Belief in oneself can start with visualization and is reinforced through repetition. Visualizing your big goal is great because it can reignite the spark that got us excited to begin with. But it can be a bit overwhelming when it seems so far away. I like to think that success comes in increments rather than being defined by the big splash moments. The same goes for confidence and motivation. You have to practice the path and not just the goal.
Take some time out of your day and envision yourself going through the simplest of tasks, the things you need to do to achieve the loftier goals. Want to have an exhibit of your artwork? Visualize the path. Go through the steps you need to take, see yourself setting time aside to sign up for painting lessons, see yourself buying supplies and making room in your house for a little art space/studio, see yourself practicing, painting the pieces, prepare yourself for setbacks, envision the struggle but know that each of these simple steps is achievable. Use visualization to break the path up to its smallest challenges and see yourself getting past each one. This is how you can use visualization to help build self belief and it is backed by science!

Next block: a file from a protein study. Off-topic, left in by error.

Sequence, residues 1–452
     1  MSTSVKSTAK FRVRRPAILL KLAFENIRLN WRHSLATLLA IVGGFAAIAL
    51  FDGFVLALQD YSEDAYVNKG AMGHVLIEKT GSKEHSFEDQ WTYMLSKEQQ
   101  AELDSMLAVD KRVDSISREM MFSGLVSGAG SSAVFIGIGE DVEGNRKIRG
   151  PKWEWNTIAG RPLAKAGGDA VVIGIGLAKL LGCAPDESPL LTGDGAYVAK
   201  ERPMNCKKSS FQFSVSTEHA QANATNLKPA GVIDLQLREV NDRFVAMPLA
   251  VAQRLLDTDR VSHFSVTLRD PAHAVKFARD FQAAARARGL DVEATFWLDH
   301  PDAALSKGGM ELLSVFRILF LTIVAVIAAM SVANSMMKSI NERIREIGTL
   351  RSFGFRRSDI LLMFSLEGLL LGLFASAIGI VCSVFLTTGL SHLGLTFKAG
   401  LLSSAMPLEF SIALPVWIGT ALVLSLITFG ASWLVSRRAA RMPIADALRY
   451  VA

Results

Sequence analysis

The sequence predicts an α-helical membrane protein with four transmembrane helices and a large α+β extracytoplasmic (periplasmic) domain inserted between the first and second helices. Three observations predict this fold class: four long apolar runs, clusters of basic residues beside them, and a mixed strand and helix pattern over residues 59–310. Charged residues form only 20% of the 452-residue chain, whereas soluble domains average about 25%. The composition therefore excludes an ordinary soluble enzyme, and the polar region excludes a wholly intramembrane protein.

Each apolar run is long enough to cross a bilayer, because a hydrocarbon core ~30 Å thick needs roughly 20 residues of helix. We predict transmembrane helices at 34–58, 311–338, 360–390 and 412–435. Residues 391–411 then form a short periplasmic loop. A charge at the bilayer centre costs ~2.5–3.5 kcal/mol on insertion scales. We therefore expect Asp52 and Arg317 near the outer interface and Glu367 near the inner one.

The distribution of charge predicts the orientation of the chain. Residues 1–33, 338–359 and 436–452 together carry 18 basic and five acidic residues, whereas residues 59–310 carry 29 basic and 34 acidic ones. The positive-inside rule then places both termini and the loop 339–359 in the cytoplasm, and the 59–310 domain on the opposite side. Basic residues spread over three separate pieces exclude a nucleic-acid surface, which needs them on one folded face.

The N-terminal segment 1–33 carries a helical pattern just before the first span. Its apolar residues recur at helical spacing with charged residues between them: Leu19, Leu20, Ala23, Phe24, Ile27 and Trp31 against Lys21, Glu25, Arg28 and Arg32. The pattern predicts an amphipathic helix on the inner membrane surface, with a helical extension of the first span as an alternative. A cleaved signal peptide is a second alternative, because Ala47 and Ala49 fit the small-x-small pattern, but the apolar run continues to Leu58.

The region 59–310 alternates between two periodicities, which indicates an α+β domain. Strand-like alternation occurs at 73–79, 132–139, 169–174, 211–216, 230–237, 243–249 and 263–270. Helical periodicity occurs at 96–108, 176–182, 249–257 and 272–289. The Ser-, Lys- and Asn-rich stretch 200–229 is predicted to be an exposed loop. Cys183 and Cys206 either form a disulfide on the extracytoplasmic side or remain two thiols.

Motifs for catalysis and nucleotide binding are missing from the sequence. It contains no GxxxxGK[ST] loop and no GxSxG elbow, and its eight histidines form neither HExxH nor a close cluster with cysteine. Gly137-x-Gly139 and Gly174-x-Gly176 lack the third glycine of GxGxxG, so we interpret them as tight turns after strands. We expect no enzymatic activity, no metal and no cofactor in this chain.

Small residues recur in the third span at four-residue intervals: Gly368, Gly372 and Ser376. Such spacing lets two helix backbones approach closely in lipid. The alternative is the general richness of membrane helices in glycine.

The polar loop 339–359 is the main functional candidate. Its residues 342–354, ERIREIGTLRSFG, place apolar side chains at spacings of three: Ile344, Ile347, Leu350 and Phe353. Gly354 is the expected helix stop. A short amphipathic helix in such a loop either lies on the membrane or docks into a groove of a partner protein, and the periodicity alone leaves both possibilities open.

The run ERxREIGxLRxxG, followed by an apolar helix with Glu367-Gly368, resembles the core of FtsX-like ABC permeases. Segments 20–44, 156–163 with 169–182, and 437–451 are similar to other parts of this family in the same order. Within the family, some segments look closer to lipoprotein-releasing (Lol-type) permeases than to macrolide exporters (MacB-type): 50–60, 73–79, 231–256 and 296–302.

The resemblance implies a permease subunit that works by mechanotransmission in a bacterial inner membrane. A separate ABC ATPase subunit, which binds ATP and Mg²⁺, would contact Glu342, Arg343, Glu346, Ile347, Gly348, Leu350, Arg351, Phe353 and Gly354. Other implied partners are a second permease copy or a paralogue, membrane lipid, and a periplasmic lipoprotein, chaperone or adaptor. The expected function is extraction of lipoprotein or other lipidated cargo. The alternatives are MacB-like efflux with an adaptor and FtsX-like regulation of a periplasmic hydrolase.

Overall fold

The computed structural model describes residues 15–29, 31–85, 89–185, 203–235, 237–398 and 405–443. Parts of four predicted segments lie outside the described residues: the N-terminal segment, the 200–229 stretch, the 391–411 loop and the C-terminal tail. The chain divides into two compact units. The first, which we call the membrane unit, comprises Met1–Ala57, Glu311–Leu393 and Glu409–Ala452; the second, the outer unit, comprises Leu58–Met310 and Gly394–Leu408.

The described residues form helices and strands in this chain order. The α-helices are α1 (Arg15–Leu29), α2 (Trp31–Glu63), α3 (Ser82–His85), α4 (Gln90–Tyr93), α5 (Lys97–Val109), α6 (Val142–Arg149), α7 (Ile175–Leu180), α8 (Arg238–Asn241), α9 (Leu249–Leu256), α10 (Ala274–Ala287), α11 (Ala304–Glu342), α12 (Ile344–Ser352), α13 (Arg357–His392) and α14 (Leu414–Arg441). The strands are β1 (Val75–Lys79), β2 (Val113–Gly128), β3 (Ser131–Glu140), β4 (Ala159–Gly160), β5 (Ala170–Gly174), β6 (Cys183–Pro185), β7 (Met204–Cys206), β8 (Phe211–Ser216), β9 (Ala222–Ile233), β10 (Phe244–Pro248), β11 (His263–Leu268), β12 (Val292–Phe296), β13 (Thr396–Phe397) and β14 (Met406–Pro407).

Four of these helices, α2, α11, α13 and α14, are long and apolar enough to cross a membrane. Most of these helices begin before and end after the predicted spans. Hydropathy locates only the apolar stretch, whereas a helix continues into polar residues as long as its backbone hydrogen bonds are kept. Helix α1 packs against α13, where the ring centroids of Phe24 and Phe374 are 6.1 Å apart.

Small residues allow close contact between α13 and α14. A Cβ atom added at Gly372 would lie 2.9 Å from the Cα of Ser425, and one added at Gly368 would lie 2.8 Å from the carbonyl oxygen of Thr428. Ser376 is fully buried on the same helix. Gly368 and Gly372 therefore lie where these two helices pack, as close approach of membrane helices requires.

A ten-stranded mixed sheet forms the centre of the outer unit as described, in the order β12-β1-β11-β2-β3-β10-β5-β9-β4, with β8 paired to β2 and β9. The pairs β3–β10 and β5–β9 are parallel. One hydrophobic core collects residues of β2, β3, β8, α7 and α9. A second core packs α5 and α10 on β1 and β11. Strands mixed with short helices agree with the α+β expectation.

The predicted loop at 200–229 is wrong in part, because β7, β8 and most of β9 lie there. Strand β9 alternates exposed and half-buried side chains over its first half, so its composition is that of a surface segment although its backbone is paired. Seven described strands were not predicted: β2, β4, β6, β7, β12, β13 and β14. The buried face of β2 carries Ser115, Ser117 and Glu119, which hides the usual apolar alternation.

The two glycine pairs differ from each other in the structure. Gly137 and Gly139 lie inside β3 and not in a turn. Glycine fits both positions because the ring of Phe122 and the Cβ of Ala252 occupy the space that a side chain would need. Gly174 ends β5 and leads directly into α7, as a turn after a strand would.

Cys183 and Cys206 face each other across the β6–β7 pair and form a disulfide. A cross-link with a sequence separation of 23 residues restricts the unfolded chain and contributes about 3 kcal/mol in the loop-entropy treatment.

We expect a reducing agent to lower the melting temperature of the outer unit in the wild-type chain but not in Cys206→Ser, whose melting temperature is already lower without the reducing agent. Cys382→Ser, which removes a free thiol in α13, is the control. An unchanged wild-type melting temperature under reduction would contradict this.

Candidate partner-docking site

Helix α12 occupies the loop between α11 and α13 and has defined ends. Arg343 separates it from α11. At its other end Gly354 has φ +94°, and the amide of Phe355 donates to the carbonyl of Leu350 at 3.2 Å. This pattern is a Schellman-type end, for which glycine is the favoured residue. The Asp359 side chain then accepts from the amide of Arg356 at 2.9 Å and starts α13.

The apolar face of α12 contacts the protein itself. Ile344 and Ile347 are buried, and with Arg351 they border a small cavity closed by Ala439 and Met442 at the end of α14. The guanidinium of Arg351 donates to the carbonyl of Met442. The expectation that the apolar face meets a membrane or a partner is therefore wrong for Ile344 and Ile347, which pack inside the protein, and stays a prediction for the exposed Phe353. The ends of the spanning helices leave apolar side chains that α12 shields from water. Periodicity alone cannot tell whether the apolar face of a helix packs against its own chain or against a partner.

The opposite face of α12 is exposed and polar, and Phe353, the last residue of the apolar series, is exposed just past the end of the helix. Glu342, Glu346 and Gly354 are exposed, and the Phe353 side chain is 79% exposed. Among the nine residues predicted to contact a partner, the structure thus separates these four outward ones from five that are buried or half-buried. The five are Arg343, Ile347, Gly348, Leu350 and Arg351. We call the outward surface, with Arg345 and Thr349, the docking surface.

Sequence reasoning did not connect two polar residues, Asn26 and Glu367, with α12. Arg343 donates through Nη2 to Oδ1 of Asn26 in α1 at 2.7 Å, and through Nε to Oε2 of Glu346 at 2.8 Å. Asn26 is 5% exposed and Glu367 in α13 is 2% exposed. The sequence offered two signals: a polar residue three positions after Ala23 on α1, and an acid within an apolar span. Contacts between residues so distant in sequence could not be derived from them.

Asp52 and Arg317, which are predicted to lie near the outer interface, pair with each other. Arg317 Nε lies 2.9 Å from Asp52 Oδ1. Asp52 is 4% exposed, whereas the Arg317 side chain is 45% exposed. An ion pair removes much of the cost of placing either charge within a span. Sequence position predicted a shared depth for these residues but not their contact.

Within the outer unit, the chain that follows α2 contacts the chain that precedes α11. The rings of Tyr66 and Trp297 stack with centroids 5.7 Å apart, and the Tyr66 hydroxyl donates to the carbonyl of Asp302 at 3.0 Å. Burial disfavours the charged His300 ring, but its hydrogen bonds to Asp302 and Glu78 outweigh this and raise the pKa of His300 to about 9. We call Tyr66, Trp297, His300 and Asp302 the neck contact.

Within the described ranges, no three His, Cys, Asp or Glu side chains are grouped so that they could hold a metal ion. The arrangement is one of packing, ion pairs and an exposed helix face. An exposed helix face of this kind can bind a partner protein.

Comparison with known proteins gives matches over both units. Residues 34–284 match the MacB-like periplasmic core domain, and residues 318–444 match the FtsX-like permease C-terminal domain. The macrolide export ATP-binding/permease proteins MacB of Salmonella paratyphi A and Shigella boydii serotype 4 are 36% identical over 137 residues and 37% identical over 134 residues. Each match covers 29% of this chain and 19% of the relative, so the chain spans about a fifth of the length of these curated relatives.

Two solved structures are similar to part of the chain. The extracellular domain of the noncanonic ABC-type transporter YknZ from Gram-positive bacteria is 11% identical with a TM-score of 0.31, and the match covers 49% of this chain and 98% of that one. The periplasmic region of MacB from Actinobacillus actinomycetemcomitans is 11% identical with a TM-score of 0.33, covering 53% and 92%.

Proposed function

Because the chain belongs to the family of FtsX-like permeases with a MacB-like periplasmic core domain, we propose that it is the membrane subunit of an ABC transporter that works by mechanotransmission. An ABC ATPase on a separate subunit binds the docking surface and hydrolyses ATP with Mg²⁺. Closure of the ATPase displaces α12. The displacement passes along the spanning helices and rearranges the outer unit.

In 1999, research by psychologists Lien Pham and Shelley Taylor showed that visualization of the process of studying made for better grades compared to students who visualized simply getting a good grade or not visualizing anything at all. Not only did it reduce anxiety linked to studying for exams it also improved organization and increased time spent studying. Since then, more research has shown similar results for athletes who spent time visualizing training more so than those who visualized winning.
There is a lot to be said about visualizing the struggle and set backs. It makes things slightly more visceral. Research has also shown that those who imagining possible problems in a positive manner has more benefits than visualizing everything just going well, or simply focusing on the negative. Thinking the path is going to be a smooth one, is a recipe for being overwhelmed.
You can start really small by using visualization to help yourself accomplish a simple physical exercise, like a plank.
Begin by kneeling on the floor. Focus in on your breath, try to elongate each breath just by a little bit, prolong your inhalation and exhalation so that it becomes purposeful rather than just reflexive. This in itself is great practice, it brings attention inwards and allows you to focus on a single goal. To make this slightly more complex, run through the following steps to visualize each component of the plank, once you’ve visualized each step, follow through with the action